Are you from Columbus? If not, please explain what brought you here and ultimately what made you stay.
I came to Columbus to attend The Ohio State University, and I never left. Inertia took over. We recognize that there is so much business in Columbus, we’d be foolish not to be headquartered here.
What’s the number one piece of advice you’d give to anyone wanting to start business?
You need to have a written business plan and written, defined values—values that you can hire and fire too. So few people actually do it, but I believe that’s what you have to have.
What do you wish you knew about entrepreneurship before starting your business?
I wish I would have better understood the importance of well-defined values, and how to “hire slowly and fire fast.” I used to hire more to the known character of the person and their relationship to me, instead of hiring someone with similar values and beliefs about business who may not necessarily be my friend. I remember all the pain I went through in the early years agonizing about letting people go. Now I don’t agonize about it. I’ve learned to understand that we are not always the right fit for some people to grow and thrive. Our culture doesn’t match everyone’s skill set. It doesn’t mean they are bad people who won’t succeed somewhere else, they just won’t thrive with us.
What’s the most challenging part of your business (i.e, what keeps you up at night)?
The most challenging part of our business is client acquisition, but that doesn’t keep me up at night because we have a solid process. What keeps me up at night is figuring out who our next hire is going to be—not by name but by role and skill set. Since we are so unique, our employees need to possess technical expertise, a high EQ; they must be articulate, and be willing to be vulnerable. Those are hard folks to find.
Every business owner has a flaw. What’s yours?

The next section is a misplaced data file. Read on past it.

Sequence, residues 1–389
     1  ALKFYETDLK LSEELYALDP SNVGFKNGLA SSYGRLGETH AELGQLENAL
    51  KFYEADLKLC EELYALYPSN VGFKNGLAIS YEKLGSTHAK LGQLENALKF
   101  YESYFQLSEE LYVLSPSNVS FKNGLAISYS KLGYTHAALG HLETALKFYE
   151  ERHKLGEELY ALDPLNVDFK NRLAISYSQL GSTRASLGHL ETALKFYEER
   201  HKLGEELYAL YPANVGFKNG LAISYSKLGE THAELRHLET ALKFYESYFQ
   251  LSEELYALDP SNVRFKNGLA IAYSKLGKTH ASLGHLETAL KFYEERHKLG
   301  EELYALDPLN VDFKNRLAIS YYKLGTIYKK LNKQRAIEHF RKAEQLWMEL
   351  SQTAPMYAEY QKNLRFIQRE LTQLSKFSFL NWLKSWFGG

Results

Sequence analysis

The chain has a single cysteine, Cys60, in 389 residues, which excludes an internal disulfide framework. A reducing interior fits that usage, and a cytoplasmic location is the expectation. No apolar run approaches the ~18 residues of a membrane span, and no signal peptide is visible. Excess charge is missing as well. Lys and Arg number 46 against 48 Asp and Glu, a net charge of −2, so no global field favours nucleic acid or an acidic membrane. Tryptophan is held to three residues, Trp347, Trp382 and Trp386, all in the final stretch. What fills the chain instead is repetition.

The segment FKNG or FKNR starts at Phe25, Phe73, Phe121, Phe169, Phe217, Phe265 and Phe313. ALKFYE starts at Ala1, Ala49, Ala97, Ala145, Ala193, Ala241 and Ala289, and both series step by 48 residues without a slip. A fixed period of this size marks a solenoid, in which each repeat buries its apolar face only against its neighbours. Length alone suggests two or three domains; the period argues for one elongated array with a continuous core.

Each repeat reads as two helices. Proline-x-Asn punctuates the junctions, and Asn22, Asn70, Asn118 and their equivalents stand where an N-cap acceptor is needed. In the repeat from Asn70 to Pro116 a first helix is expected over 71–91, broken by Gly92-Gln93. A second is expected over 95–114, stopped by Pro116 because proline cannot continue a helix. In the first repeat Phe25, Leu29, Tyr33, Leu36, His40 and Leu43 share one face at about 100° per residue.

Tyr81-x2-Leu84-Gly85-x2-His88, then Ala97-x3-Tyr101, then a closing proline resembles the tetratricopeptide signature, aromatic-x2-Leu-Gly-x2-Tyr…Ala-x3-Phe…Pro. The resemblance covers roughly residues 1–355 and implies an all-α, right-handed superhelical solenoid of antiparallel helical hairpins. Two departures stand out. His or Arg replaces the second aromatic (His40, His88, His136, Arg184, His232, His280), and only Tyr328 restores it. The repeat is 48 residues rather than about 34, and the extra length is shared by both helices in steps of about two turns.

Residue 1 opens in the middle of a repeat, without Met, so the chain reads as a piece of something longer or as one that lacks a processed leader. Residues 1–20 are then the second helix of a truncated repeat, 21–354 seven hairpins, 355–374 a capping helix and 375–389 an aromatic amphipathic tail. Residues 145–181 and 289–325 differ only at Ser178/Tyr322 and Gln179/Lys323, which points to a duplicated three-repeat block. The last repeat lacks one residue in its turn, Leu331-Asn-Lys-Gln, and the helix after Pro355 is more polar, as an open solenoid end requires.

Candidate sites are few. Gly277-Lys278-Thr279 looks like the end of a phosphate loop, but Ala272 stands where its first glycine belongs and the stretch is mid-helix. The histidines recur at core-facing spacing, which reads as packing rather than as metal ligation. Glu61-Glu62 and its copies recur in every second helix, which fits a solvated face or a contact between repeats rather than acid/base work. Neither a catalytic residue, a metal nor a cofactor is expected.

In the past, my most expensive flaw was having unrealistically high expectations of others. A flaw I have today is not investing in my physical health enough.
Why do you think most business owners fail? What has made you different?
Statistically speaking, most business owners fail because they don’t manage cash well enough. They don’t have a written plan and a cash flow forecast. As a company, we are super dialed in to cash flow forecasts and we are a heavily recurring revenue model business.
What was your biggest mistake and what did it cost you?
The biggest mistake I made in business turned out to be my biggest gift. Before working exclusively with first-generation entrepreneurs, we exercised an incredibly large stock option for a client and it cost me $190K, as we didn’t execute the order on time. I had to arrange for financing to pay it back, which was a very hard thing to do with little or no collateral. It turned out to be the best thing we ever did because, from that point forward, I went through the business and bulletproofed it. In the scheme of owning a business, it was a pretty inexpensive mistake.
What tool has helped you the most for your business (invoicing, accounting, shipping, a plugin for a website, etc.)?
Across the board, the Entrepreneur Operating System (EOS) has been the most comprehensive and helpful tool we’ve used.